Spread your message:

Being part of a UNITED campaign also means effective media work: UNITED published information about activities happening all over Europe through our interactive activity map and our Facebook page. So make sure you tell us about your activity!

Keep UNITED up-to-date!

If you are organising an activity within or outside the UNITED campaigns, please communicate with UNITED and let the network know about your plans and events. Please share your experiences with the network and send us information and printed material about your activity. By doing that you help UNITED to stay informed and effective.

In Short

  • Campaigning together strengthens all participating activities!
  • Use the media channels of publicity UNITED can provide – get your activity on the activity map and Facebook page!
  • Inform the UNITED network before and after your activity about the results and your experiences!


  • If possible, make your activity part of an international campaign or an annual day of action!
  • Find out the time when you can reach your target group best!
  • Start planning in time!
  • Decide what your activity should be about!
  • Try to find partners and benefit from their experience and assistance!
  • Think of the most effective way to bring your message to the people!
  • Less money means more creativity!
  • Try to find potential sponsors and ask them primarily for goods instead of cash.
  • No money does not mean no activity!
  • UNITED provides common, international media work.
  • Keep carefully records of your media contacts!
  • Write a short and concise press release!
  • Campaigning together strengthens all participating activities!
  • Use the channels of publicity UNITED can provide!
  • Inform the UNITED network before and after your activity about the results and your experiences!
  • LIKE the Facebook page

Brainstorming: Last-Minute Ideas For Action

• Lecture • Press conference • Refugee party • Political cafe • Exhibition of (UNITED) posters • Drawing contest • Intercultural dinner • Exhibtion • Demonstration by bicyle • Rally • Discussion about racism at a school • Torchlight demonstration • Theatre • Sport against racism • Poems against racism • Poetry com-petition • Role game • Tribunal • Photo exhibition • Round table • Showing documentaries • Rock concert • Conference • Slide show • Party • Poster design competition • Exhibition of antiracist press and litera-ture • School visits • Media release • Visit to a syna-gogue • Info stand in university • Display posters in your city/university/school/church… • Visit to a mos-que • Visit to a refugee centre • March • Panel dis-cussion • Passport against racism • Essay competi-tion • Update your website with a special focus • Worship service • Intercultural bazaar • Interactive learning experience • Specially produced broadcasts • Exhibition of anti-racist slogans • Discussion with holocaust survivor • Circus performance • Distribution of flowers • Drag party against fascism • Multicultural fashion show • Political forum • Postcard-cam-paign • Intercultural kitchen party • Open forum • Multicultural tour through your town • Public brainstor-ming • Intercultural city tour • Meetings with a lawyer for victims of racism • Anti-racist education • Dramatic and musical presentations • (outside) Commemoration with candles • Info stand in city centre • Special programme at your local radio • Distribution of leaflets/posters in the streets • Organise a lunchtime discussion at your work • Crafts/arts fair on the theme • Music against racism • Debate • Pub quiz against racism • Workshop • Street parade/theatre • Ask refugees to tell their story • Intercultural sport event • Meeting and discussion with Jewish Rabbi • Invite local politicians to participate in your event • Display/exhibition in local library • Diary against racism • Song/poem/drawing or short story com-petition • Paint an anti-racist mural • Training course • Removing of racist/fascist graffiti • Presentation of annual report • Film/video evening and discussion afterwards • Special e-mail newsletter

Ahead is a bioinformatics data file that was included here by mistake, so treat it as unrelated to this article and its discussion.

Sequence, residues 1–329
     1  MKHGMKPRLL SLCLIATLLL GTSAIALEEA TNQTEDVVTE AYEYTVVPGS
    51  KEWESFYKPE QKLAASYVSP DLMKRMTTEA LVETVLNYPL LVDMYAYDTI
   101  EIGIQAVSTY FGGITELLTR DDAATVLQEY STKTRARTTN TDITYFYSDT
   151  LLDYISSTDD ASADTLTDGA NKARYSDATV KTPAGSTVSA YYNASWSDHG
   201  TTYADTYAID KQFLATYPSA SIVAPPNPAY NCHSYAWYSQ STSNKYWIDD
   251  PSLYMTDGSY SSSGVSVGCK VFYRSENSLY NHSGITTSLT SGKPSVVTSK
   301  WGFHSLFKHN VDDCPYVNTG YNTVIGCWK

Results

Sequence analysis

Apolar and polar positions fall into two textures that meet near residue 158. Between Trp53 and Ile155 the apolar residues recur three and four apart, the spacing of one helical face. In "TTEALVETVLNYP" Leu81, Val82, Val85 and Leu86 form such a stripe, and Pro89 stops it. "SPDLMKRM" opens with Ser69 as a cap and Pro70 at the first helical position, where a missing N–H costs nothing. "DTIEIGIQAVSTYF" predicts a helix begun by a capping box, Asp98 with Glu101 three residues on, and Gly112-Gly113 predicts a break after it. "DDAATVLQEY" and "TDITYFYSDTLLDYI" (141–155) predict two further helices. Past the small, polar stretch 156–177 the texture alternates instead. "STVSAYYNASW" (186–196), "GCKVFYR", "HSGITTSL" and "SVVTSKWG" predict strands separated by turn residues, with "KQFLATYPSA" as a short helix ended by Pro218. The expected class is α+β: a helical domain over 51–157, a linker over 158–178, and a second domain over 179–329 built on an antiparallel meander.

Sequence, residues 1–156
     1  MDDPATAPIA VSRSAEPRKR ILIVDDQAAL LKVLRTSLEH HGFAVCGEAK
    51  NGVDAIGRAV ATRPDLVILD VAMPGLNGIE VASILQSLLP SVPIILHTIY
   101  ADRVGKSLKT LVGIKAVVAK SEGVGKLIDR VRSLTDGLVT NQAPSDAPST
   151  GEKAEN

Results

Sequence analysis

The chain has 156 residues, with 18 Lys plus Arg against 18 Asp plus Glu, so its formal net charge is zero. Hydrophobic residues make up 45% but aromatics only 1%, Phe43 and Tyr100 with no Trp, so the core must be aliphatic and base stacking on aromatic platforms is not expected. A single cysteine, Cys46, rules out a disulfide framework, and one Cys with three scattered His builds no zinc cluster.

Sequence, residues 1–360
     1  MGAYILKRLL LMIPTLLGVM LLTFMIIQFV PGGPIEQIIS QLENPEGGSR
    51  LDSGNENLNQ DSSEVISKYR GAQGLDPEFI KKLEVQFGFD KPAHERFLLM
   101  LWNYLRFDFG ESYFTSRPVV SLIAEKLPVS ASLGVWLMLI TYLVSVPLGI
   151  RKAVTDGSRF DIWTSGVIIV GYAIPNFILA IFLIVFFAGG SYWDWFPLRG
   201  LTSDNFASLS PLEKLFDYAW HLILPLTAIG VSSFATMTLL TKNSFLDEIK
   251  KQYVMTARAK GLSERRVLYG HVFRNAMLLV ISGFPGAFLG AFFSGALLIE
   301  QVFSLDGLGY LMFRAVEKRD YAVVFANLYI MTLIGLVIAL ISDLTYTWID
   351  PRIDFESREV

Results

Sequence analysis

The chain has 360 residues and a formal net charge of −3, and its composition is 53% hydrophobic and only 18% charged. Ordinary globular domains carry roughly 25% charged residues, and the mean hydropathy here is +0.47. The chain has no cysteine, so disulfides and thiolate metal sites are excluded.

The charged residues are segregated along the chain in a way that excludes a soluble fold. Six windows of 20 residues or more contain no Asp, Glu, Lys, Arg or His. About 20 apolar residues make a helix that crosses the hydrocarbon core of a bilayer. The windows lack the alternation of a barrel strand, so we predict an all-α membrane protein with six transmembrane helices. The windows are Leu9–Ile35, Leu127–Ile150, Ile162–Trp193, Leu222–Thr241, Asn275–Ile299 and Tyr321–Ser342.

Now, Get Active!

No matter what kind of activity you organise, everything is important raising the awareness of the public towards violations of human rights, racism, fascism etc. Raise your voice and be a good example for others getting active as well. Let others learn from your experiences and knowledge. We hope that you can make use of the leaflet you just read, that it motivates you to get active and that it makes it a little bit easier to organise an activity. Don’t be afraid that your activity would destroy the atmosphere in the certain area where it takes place. If there was racism and intolerance, the atmosphere was already spoilt. Keep in mind that the aim should always include protection and empowerment of victims of racism and that there is no such thing as ‘neutrality’ when it comes to racism. Whatever your plans may be, we wish you success and inspiring activities, we are looking forward to learning from your experiences!